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README.md
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README.md

Craniobot

This code was developed by Gregory Johnson, Matthew Rynes, and Jay Jia Hu.

System requirements

  1. Software dependencies
    • Windows 10
    • 64 bit
    • Internet connection
  2. This software has only been tested on windows 10 64 bit systems
  3. Required non-standard hardware

Installation

  1. Download software (~10-15 minutes)

    1. Download python 2.7.14 for windows
    2. Download arduino 1.8.1 windows
    3. Download zip folder of craniobot software from ".zip" or download repository from https://github.com/bsbrl/craniobot
    4. Extract zipped folder
    5. Open notepad or any text editor
    6. Go to the folder "install", right open the file "install2.bat" using notepad. If you do not see the file, select "All filetypes" from the dropdown in the windows explorer search, it defaults to only look for .txt files.
    7. Change the 'YOURPATHHERE' to the address of the folder that contains "install2.bat". For example if my folder with the file is C:/downloads/craniobot/install I would replace 'YOURPATHHERE' with 'C:/downloads/craniobot/install'.
    8. Save the file.
    9. Add python to your path variable in windows as described in this tutorial https://www.pythoncentral.io/add-python-to-path-python-is-not-recognized-as-an-internal-or-external-command/
    10. Right click the file "install2.bat" and click run as administrator. This will download the following python packages.
    • python packages
      • numpy-1.14.2
      • matplotlib-2.2.0
      • plotly-2.5.0
      • pyserial-2.7
  2. Upload arduino file (~3-10 minutes) See https://www.arduino.cc/en/Guide/ArduinoDue to familiarize youself with the arduino editor and the arduino due and for trouble shooting help.

    1. Connect the Arduino Due to the computer using a USB
    2. Double click the file "Surface_Probe.ino" located in the craniobot download folder. This will open the arduino editor.
    3. In the arduino editor click Tools>>BOARD>>Board Manager
    4. Search "due" in the search bar
    5. Install the Arduino SAM Boards file
    6. In the arduino editor click Tools>>BOARD>>Arduino Due (Programming Port)
    7. In the arduino editor click Tools>>PORT>>COM1. Note: The COM port may be COM1, COM2, COM3, COM4, COM5,... depending on the number of USB ports using serial communication on your computer. To figure out which port is the arduino, take note of all COM ports and then unplug the arduino USB. The port that is the arduino will no longer show up.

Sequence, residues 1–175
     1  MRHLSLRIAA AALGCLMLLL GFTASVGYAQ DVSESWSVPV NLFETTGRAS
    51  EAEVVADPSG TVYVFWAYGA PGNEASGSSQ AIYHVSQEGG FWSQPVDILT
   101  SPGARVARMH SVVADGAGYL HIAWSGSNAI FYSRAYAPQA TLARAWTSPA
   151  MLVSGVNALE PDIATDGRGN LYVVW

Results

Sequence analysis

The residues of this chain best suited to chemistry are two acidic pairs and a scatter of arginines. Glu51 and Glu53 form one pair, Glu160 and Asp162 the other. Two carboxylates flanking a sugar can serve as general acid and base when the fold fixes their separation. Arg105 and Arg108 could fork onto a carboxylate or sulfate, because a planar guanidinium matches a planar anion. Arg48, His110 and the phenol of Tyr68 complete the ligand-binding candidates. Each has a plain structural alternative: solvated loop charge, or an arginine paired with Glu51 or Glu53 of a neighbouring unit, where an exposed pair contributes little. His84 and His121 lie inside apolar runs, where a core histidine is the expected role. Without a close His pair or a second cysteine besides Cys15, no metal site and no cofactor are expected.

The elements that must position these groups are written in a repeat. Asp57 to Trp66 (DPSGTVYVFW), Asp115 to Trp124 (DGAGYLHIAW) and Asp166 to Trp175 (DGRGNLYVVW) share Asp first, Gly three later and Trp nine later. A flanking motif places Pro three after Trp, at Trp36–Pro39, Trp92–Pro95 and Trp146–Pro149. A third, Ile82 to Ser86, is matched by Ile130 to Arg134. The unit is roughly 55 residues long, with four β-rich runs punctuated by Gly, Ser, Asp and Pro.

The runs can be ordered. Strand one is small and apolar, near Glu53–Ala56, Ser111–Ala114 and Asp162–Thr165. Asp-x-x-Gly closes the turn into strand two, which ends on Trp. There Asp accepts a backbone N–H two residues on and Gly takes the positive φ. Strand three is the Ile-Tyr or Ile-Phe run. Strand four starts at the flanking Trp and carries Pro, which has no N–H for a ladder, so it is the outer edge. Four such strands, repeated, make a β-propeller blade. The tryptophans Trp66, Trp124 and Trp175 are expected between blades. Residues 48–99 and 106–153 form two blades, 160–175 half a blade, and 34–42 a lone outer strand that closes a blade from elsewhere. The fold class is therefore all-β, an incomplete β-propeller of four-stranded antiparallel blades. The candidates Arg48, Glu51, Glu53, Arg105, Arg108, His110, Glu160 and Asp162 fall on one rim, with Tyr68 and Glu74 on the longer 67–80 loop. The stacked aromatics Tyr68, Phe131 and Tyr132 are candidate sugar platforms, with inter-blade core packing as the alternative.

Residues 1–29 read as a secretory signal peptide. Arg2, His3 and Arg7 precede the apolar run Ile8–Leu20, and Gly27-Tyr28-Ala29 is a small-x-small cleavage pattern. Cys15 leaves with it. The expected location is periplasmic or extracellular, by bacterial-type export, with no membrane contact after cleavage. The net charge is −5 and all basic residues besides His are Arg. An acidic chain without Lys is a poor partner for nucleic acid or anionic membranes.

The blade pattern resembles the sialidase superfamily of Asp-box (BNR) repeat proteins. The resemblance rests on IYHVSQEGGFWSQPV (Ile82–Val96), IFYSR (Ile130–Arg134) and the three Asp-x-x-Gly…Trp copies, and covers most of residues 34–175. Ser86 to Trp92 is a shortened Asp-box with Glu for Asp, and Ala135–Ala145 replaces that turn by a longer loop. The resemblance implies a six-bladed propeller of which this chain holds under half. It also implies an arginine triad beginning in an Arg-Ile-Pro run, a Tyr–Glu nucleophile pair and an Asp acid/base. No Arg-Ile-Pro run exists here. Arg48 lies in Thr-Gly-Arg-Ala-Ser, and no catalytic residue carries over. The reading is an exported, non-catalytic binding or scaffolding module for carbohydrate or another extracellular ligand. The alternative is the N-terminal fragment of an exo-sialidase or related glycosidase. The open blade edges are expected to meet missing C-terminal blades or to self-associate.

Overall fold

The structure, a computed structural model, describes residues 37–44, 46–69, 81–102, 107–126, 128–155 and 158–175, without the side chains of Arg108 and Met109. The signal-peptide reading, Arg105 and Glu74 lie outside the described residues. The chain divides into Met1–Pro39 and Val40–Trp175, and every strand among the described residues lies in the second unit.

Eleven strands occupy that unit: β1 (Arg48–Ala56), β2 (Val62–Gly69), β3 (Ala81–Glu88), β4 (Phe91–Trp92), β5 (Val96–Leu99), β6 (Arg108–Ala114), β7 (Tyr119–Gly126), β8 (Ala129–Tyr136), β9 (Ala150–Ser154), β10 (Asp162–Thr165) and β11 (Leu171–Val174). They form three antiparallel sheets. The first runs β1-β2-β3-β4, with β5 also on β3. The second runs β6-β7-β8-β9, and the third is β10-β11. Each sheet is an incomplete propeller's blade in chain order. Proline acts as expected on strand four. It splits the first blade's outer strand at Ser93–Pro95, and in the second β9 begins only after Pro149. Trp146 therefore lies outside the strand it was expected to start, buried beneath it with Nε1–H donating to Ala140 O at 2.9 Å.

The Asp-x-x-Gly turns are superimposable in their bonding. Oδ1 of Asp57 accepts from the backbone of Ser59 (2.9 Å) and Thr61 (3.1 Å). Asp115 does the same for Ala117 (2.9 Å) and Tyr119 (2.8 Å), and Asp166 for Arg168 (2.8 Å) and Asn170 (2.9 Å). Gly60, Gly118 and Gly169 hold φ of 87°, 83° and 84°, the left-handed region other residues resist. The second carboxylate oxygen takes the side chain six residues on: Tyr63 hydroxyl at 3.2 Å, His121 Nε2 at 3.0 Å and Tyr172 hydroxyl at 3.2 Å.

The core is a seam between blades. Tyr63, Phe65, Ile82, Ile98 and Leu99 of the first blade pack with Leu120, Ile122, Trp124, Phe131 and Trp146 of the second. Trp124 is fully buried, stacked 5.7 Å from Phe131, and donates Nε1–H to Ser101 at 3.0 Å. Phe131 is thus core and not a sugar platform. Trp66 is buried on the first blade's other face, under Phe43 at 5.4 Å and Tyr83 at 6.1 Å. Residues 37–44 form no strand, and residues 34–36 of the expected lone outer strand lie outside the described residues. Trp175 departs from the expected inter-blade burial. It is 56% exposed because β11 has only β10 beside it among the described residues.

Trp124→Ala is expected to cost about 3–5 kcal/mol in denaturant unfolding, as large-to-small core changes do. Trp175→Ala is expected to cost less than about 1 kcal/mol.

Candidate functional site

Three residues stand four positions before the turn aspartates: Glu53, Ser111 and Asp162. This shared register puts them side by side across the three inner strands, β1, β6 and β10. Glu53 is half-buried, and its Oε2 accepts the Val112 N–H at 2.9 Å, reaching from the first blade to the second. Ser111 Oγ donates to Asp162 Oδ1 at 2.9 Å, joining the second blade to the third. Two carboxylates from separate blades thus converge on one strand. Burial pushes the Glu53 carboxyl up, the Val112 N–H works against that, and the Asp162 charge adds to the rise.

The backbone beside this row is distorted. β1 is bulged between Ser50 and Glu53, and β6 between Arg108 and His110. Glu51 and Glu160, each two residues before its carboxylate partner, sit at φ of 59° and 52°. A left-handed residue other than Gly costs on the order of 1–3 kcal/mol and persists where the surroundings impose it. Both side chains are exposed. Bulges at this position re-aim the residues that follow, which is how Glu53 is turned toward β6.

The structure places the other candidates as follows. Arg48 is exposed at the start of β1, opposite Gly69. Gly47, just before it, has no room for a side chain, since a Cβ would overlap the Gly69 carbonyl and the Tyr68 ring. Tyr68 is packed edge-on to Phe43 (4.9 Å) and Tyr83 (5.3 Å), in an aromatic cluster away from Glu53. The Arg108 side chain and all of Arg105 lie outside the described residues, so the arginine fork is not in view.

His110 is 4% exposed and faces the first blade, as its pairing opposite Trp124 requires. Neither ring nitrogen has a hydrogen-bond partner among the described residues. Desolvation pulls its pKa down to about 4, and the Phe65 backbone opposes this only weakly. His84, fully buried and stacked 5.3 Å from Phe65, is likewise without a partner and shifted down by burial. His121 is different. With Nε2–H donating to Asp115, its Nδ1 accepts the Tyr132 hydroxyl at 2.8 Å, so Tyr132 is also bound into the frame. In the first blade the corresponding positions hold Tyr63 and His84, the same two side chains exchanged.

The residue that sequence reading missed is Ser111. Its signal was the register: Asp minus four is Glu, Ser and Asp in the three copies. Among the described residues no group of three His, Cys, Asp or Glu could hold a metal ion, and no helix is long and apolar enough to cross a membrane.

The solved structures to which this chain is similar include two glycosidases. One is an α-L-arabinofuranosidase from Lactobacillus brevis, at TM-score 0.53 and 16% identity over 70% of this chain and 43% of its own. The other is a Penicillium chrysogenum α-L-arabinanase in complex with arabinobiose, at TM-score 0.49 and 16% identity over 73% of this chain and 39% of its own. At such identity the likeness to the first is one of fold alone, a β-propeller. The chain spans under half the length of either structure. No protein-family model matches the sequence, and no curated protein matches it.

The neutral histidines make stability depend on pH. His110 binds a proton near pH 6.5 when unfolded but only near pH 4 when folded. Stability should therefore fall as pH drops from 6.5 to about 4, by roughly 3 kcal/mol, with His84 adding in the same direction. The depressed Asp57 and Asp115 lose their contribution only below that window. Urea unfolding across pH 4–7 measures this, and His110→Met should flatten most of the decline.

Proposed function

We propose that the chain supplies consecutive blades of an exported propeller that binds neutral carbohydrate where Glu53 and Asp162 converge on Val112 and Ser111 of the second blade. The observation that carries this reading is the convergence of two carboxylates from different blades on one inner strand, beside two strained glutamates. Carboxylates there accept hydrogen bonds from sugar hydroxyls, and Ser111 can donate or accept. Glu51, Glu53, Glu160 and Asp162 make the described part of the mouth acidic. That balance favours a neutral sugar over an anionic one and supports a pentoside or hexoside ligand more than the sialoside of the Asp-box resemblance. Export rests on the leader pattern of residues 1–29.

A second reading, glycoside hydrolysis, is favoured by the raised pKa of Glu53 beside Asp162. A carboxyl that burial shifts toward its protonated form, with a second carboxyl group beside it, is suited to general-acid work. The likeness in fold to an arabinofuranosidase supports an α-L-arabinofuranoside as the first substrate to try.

8. Click the check mark beneath the file button. This will verify the code.
    9. Click the arrow next to the check mark, this will upload the file to the arduino.
  3. Change tinyG COM port in python code (~3-10 minutes)

    1. To identify the COM port of your tinyG, go to the arduino application. You can search for arduino in your computer to find the application.
      • plug in your tinyG USB connetion and make sure your tinyG is turned on.
      • In the arduino editor click Tools>>PORT and look at the COM options (i.e. COM1, COM4, COM5 is shown)
      • Unplug the tinyG USB from your computer
      • In the arduino editor click Tools>>PORT>> and look at the COM options.
      • The COM of your tinyG port will no longer be on the list (i.e. COM1, COM4 is shown, this would mean COM5 is the tinyG port in this example).
    2. Plug the tinyG USB back into the computer
    3. Go to the file in the folder python titled "CNCController.py".
    4. Right click the file and click edit with IDLE
    5. Change the COM4 in "self.port = 'COM4' " to the serial port of your tiny G controller (i.e. in our example COM5 is the tinyG port so we would write self.port = 'COM5')
    6. Save the file and close the editor.

Demo and instructions for use

  1. Instructions to run

    1. If you are doing a surgery, prepare the mouse as you would for a craniotomy. If you are doing a demo, prepare a dummy (we use a 50mL falcon tube laid on its side with a post it on the surface) and position it where you would expect to position the mouse skull on a stereotax.

    2. First we will define the points to use for the craniotomy. All reference coordinates are relative to bregma and are specified in the file “pointGen.py” inside of the python code folder in units of mm in the variable logo_coordinates. To edit this file, right click the file and click edit with IDLE. Several example paths are commented out. For example this is a rectangle over the right hemisphere of the skull example.